Contrary to the defendant's contention, the Allen charge (see Allen v. United States, 164 U.S. 492, 17 S.Ct. 154, 41 L.Ed. 528), which was neutral in tone and directed at the jurors in general, was not unduly coercive (see People v. Coad, 60 A.D.3d 963, 876 N.Y.S.2d 107;  People v. Gonzales, 281 A.D.2d 432, 721 N.Y.S.2d 772).   The County Court's instructions to the jurors to be “be flexible” and to “harmonize” their opinions were balanced by the court's admonitions that any decision must be “based solely on the evidence and the law” and must not be “influenced or affected by any sympathy” or “mere acquiescence in the conclusion of others” (see People v. McKenzie, 48 A.D.3d 594, 852 N.Y.S.2d 217).

 The defendant's contention that he was deprived of a fair trial as a result of prosecutorial misconduct is without merit.   The prosecutor's summation comments constituted either fair comment upon the evidence presented or fair response to the defense summation (see People v. Ashwal, 39 N.Y.2d 105, 109–110, 383 N.Y.S.2d 204, 347 N.E.2d 564;  People v. Salnave, 41 A.D.3d 872, 874, 838 N.Y.S.2d 657).   With respect to the challenged remarks made by the prosecutor during the cross-examination of the defendant's wife, the County Court promptly cut off the inquiry and offered a proper instruction that served to ameliorate any prejudicial effect that may have resulted (see People v. Barnes, 80 N.Y.2d 867, 587 N.Y.S.2d 597, 600 N.E.2d 228;  People v. Galloway, 54 N.Y.2d 396, 446 N.Y.S.2d 9, 430 N.E.2d 885;  People v. Martinez, 58 A.D.3d 754, 872 N.Y.S.2d 159;  People v. Fluellen, 2 A.D.3d 286, 287, 769 N.Y.S.2d 259;  People v. Eastman, 299 A.D.2d 366, 749 N.Y.S.2d 171).

 There was also no error in admitting the testimony of Dr. Eileen Treacy.  “[E]xpert testimony regarding rape trauma syndrome, abused child syndrome or similar conditions may be admitted to explain behavior of a victim that might appear unusual or that jurors may not be expected to understand” (People v. Carroll, 95 N.Y.2d 375, 387, 718 N.Y.S.2d 10, 740 N.E.2d 1084, citing People v. Taylor, 75 N.Y.2d 277, 552 N.Y.S.2d 883, 552 N.E.2d 131).   Here, the County Court properly limited the scope of the testimony and Dr. Treacy spoke about victims in general and never opined that the defendant committed the crimes, that the victim was sexually abused, or that the victim's specific actions and behavior were consistent with abuse (see People v. Carroll, 95 N.Y.2d at 387, 718 N.Y.S.2d 10, 740 N.E.2d 1084;  People v. Taylor, 75 N.Y.2d at 277, 552 N.Y.S.2d 883, 552 N.E.2d 131;  People v. Higgins, 12 A.D.3d 775, 784 N.Y.S.2d 232).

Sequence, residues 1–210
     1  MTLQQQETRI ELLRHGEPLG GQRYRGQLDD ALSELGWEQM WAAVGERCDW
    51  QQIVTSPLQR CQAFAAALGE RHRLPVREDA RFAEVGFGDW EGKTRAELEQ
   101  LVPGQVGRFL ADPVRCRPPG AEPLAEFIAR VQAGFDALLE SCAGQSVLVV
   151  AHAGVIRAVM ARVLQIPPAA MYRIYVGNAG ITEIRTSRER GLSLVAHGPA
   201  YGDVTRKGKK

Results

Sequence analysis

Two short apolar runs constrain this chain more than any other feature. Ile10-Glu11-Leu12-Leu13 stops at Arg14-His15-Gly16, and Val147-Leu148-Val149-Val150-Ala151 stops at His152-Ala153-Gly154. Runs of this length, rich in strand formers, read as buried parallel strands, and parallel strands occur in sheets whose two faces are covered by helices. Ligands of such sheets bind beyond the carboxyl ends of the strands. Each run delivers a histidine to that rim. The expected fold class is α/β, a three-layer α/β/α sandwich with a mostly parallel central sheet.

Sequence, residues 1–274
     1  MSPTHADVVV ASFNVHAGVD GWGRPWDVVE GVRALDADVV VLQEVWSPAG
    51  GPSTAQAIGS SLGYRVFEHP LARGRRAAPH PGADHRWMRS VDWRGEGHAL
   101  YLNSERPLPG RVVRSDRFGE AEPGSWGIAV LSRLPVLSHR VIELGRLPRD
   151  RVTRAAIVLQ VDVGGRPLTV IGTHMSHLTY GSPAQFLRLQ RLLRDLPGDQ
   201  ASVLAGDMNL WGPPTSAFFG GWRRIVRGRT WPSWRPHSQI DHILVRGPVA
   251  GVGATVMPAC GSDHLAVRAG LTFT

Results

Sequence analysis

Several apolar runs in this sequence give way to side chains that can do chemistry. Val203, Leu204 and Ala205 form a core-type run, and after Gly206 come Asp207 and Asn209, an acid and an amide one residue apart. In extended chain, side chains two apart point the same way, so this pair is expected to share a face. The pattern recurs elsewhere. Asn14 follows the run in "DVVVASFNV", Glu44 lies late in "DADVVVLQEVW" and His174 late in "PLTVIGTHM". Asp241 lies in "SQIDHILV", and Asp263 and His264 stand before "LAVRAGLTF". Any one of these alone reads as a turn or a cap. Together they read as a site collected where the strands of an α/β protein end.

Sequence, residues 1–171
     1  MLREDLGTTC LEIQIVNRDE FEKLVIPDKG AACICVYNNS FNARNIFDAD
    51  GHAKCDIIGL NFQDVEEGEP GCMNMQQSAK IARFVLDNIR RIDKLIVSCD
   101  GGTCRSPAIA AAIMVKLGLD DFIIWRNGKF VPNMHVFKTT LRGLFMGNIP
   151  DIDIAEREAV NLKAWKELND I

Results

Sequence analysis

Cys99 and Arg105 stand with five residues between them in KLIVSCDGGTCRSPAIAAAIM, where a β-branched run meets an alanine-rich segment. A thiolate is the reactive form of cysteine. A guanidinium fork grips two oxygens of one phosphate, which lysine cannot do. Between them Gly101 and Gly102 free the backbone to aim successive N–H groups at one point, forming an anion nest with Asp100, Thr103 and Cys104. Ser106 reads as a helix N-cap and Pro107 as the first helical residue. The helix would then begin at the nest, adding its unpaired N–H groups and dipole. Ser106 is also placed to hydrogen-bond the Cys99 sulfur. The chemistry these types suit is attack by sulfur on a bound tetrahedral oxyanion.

The defendant's contention that the testimony of the victim's mother improperly bolstered the victim's testimony is unpreserved for appellate review, since he failed to object to the alleged improper testimony (see CPL 470.05[2];  People v. Torres, 71 A.D.3d 1063, 896 N.Y.S.2d 875).   In any event, the County Court's instruction properly limited the testimony, permitting only so much as was needed to provide background information as to how and when the police commenced the investigation (see People v. Tosca, 98 N.Y.2d 660, 746 N.Y.S.2d 276, 773 N.E.2d 1014).